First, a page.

I recently talked about the similarities between a startup and a frat house. Here’s another analogy. Sometimes being part of a startup can be like being in a crucible.

What’s a crucible?

It’s perhaps an antiquated term. Folks don’t use crucibles much anymore – except for large industries that need to melt or calcine metal and ore.

With Crucible by Anne Petersen, CC BY 4.0.

With Crucible by Anne Petersen, CC BY 4.0.

Here’s a definition:




  1. A ceramic or metal container in which metals or other substances may be melted or subjected to very high temperatures.
  2. A place or situation in which different elements interact to produce something new.

The purpose of a crucible is to subject what it contains to such high heat that anything combustible is burned away. Anything that that can be altered by the high heat is transformed. What’s left is, for all intents and purposes, pure. It’s been tempered. The only thing that can impact what remains again is the reapplication of the crucible. If this happens, after the heat has abated, the contents of the crucible again reforms to the pure substance.

When challenges hit, they can bring a startup to a dead stop. One of the biggest challenges for startups is running out of money. That’ll definitely bring the startup/frat house feeling to an abrupt halt. Then it really does feel more like being in a crucible.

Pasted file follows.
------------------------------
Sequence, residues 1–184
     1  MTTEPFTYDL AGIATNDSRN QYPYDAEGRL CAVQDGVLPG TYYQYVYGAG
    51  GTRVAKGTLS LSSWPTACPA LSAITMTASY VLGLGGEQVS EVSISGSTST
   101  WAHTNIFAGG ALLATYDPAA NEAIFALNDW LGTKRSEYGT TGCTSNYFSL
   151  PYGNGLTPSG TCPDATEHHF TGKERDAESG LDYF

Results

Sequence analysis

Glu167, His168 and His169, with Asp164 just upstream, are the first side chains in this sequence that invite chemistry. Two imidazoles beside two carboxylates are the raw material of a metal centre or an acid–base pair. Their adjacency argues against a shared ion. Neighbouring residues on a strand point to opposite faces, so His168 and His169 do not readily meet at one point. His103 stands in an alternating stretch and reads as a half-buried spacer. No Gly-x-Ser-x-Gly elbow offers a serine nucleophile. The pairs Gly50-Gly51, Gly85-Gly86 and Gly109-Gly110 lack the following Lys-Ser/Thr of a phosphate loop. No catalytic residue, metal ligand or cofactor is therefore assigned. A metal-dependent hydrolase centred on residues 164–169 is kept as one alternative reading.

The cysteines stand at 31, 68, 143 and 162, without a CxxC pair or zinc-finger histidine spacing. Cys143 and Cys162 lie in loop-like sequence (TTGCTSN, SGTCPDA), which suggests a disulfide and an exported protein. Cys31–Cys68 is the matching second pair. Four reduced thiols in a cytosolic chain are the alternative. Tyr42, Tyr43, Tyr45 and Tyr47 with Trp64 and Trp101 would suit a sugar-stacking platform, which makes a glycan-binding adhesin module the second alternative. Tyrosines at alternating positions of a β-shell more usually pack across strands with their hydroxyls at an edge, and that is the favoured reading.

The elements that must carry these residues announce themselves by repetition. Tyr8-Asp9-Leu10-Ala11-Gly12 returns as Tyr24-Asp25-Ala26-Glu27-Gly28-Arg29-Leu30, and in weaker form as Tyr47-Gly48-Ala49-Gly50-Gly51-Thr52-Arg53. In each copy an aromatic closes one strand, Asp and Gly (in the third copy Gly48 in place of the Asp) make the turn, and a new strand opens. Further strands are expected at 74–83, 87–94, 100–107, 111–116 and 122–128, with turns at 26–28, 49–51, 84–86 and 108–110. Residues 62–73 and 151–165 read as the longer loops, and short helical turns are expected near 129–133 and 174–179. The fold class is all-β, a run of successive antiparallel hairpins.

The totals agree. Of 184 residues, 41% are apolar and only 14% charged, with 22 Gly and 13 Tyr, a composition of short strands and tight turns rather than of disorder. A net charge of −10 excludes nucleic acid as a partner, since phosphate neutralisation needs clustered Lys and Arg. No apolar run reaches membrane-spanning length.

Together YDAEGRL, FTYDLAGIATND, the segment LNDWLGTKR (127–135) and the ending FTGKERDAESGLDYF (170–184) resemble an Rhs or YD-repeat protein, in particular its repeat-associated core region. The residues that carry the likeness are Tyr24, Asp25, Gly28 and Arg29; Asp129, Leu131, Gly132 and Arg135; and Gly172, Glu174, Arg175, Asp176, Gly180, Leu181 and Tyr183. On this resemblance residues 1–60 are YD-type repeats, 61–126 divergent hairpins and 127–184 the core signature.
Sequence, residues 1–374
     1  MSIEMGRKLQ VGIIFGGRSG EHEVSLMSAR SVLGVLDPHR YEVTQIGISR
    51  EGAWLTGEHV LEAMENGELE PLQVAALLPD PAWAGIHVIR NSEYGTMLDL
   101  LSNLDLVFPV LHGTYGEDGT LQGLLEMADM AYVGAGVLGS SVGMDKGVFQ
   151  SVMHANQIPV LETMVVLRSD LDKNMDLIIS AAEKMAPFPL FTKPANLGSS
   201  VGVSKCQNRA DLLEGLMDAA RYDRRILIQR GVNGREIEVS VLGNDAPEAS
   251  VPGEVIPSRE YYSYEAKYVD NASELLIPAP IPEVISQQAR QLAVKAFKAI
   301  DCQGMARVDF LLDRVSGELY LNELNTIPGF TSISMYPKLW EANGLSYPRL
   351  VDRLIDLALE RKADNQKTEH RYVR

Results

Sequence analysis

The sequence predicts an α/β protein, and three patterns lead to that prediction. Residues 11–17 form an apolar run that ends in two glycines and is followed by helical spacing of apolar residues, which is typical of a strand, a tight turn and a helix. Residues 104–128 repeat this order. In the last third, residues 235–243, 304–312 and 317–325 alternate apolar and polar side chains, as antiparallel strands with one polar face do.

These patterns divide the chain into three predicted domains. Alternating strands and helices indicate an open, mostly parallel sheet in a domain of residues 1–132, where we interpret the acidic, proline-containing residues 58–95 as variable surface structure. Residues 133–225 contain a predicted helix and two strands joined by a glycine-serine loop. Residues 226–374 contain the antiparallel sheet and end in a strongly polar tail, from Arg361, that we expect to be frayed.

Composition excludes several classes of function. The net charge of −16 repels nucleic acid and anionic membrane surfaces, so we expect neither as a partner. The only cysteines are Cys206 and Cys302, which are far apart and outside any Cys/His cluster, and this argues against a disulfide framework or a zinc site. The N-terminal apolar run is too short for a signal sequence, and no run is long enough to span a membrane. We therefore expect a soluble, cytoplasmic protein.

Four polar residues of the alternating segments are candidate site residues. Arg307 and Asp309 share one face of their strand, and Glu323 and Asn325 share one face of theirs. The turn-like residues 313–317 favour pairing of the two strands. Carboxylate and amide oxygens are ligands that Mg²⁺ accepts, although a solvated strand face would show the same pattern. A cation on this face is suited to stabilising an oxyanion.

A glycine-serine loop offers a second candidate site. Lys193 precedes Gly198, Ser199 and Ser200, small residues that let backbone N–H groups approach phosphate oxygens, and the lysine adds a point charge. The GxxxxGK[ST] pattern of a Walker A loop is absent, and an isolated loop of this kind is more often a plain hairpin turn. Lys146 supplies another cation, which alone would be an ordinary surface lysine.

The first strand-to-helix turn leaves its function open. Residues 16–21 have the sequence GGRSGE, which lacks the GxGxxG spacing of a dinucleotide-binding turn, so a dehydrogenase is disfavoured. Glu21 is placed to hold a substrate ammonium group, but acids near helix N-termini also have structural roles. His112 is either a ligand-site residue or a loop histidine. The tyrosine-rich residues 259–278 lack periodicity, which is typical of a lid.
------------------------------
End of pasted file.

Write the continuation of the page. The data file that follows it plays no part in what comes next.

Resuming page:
One of the most impactful consequences of a startup going through a crucible event is that some people leave. The bonds created between people in a startup are deep. Losing members of the team hurts. But the crucible effect is cathartic. What’s left – who is left, though, becomes stronger.

Challenges can also force a startup to become something it didn’t set out to be. Into the crucible goes the uniqueness of personalities, ways of doing things, qualities of measurements. The differences interact to produce something new.

The frat house analogy is preferable. Don’t fear the crucible, though. Both teach valuable lessons and lead to success.

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